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  3. You raise an important point about how it almost impossible to do two things at the same time. No matter how good with think we are, there is no escape from failing to perform ideally under distractions. There is a general understanding that you can almost always take anything from someone who is deeply engaged in a phone conversation. People often mistake multitasking with being on autopilot. For example, most of us can cook while listening to music. That because these functions trigger different part of our brains. However, it is more challenging to do homework while cooking. No matter how focused and coordinated we are one of these tasks will eventually suffer.

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    1. You gave an interesting example, Ziyad. To be honest, I even mess up my cooking when I am paying more attention to the music, twice the salt or sometimes none. But that’s just me. There are a few things that can be done simultaneously but it is important to distinguish them and not generalize the concept. Thanks for your perspective.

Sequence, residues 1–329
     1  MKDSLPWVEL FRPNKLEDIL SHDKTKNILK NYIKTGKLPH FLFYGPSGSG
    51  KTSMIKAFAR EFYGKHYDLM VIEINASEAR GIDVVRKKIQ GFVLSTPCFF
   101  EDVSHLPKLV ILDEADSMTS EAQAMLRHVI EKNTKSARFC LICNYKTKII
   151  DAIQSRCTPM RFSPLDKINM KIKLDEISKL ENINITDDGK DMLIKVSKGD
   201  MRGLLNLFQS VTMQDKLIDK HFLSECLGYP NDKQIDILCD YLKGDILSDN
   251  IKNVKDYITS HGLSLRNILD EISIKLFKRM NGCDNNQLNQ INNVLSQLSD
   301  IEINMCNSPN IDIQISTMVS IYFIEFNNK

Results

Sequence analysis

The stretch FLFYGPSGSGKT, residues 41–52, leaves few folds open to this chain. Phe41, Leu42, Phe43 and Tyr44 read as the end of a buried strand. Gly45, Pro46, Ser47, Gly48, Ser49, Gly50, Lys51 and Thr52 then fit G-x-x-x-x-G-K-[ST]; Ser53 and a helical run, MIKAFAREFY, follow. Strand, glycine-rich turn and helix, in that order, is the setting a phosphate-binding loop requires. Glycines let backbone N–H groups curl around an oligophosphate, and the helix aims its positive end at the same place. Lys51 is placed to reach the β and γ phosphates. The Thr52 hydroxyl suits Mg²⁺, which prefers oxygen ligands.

Liked by 1 person

    2. As far as I know, humans have one consciousness, so as long as we cant control our subconscious behavior, all we can do is concentrate on one task. I have always felt than multi tasking is a myth, especially when doing tasks that require heavy concentration. Even when I multi task, like watching youtube and cooking, cooking takes me longer because i sometimes get drawn in the video and forget I was cooking. Its good to know that other people have the same opinion.

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  4. We can do different levels of multitasking. For example, I can comment on your blog while listening to music at ease. I take note during class. My wife can cook while watching TV. Ever saw a sign language interpretation on Live TV? There are a lot of examples shows that we can do multitasking. It also can be trained but depends on how much your brain can consume on these tasks. For example, I can’t write a paper while listening to music. It is just my 2 cents.

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  5. Yes! The thing you said that resonated most with me here is how we talk about our brains as “like computers”. This has bothered me for so long, we may not know much about neuroscience yet compared to a tehnology we invented,